6 & 7. Morton F. Plant House and George W. Vanderbilt House, 4 E. 52nd Street, 645 and 647 Fifth Avenue


When John Jacob Astor began to build the St. Regis Hotel on Fifth Avenue in 1901, the wealthy residents in the area started to buy up land to prevent future commercial development. On the corner of 52nd Street and Fifth Avenue, Morgan Freeman Plant, son of the railroad tycoon Henry B. Plant, commissioned architect C.P.H. Gilbert to build him a large stone mansion. The mansion was later allegedly traded to Cartier in a legendarily bad deal that involves a string of pearls Mrs. Plant was particularly smitten with.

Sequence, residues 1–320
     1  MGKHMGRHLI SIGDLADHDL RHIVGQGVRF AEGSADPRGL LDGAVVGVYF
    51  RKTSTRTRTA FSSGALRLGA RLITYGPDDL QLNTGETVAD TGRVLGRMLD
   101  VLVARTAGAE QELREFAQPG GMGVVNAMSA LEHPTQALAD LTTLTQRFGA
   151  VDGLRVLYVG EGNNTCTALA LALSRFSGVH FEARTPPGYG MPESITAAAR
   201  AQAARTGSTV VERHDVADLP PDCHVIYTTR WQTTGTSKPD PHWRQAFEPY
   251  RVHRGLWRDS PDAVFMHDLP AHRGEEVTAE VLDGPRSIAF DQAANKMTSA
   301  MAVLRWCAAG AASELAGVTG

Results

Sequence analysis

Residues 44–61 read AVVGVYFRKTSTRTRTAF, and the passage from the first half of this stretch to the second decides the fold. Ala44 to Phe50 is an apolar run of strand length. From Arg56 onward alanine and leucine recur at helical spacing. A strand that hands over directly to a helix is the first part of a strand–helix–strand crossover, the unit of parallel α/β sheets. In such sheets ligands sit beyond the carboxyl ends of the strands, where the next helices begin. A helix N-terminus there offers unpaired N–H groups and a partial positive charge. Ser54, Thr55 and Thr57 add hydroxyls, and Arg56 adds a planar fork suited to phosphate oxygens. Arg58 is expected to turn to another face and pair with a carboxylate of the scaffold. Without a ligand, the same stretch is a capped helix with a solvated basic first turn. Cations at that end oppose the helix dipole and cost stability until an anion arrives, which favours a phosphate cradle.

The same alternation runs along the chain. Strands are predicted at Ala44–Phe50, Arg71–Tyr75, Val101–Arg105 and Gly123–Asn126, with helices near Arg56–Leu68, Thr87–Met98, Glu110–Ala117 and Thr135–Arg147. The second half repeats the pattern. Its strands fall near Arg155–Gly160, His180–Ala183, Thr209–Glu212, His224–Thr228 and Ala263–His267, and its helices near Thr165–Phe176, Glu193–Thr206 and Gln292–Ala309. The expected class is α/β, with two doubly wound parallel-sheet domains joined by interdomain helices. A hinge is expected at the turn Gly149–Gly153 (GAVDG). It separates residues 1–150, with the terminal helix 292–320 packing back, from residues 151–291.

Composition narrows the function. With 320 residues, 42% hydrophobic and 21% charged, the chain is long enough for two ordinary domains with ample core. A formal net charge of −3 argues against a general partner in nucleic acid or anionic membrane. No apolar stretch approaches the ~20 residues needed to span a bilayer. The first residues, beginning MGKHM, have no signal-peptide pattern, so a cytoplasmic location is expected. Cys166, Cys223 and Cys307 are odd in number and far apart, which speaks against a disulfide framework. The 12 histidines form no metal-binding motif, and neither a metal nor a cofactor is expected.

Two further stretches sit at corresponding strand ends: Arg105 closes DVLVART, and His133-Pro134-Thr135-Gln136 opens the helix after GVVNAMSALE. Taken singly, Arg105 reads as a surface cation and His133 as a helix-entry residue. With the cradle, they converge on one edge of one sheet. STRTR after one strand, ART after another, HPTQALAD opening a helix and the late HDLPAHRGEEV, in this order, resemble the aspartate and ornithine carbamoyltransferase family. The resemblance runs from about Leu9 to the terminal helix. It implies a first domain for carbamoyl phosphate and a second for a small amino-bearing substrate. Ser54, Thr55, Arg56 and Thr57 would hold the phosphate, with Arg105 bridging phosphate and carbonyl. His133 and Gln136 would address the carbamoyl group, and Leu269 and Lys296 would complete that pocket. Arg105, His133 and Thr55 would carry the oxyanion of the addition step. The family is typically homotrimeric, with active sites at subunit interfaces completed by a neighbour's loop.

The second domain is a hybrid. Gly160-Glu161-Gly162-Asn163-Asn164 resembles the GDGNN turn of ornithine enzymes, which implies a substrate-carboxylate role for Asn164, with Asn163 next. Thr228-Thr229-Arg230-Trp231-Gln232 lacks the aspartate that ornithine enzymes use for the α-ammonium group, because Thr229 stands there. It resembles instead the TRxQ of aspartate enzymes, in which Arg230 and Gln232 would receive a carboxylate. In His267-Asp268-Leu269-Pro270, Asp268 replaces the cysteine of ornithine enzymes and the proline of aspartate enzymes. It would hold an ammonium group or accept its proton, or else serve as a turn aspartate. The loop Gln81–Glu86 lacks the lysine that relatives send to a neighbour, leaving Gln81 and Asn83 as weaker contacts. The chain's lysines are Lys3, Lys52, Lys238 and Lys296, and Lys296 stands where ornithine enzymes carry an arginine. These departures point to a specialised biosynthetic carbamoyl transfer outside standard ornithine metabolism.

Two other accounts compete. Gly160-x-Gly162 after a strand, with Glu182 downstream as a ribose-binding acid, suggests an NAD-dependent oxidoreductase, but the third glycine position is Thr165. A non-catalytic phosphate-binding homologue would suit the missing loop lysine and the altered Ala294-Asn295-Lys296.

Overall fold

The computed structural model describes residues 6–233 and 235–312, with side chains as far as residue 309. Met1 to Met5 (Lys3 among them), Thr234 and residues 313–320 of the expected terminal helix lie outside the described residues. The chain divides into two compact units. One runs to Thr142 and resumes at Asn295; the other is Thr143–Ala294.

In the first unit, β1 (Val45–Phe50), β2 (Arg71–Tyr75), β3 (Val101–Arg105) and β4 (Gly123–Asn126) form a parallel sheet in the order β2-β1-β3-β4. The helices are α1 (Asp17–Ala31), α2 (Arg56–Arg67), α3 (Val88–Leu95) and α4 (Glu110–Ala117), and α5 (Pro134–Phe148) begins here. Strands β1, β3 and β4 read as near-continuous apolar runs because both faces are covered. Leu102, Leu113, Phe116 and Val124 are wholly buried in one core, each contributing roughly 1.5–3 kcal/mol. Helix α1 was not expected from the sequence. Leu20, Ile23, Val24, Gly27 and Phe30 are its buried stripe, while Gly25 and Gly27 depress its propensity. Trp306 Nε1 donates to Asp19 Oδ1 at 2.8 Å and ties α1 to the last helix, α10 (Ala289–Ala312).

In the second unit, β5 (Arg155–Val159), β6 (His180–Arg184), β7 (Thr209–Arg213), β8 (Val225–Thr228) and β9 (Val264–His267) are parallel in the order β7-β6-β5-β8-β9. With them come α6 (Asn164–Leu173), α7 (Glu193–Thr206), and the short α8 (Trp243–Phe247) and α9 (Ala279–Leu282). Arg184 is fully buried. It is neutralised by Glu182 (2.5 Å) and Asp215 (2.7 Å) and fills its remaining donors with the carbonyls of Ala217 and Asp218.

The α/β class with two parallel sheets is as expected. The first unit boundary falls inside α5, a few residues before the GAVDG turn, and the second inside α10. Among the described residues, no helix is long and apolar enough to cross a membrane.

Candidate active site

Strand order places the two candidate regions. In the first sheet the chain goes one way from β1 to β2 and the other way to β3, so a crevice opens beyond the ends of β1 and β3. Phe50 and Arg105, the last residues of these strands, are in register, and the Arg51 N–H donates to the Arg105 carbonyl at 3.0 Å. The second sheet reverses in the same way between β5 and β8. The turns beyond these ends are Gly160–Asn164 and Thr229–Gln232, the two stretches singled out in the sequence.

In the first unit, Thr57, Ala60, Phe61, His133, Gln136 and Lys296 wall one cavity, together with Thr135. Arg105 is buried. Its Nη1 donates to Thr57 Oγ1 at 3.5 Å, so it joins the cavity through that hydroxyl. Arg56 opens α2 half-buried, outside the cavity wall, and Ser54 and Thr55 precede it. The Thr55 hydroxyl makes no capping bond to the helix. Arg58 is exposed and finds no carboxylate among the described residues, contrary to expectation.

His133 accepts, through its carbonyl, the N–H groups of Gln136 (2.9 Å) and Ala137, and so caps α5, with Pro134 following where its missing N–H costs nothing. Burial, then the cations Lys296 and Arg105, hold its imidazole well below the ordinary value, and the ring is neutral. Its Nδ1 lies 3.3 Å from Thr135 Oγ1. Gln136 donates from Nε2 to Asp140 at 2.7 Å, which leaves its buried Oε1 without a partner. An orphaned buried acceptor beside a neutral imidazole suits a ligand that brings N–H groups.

George W. Vanderbilt snapped up the land next door and built his “Marble Twins.” Designed by designed by Hunt & Hunt and completed in 1905, the homes, along with Plant’s mansion, were described by the AIA Guide to New York City as “free interpretation[s] of sixteenth- and seventeenth-century palazzi.” The Vanderbilt mansion at 645 was demolished but 647 remains.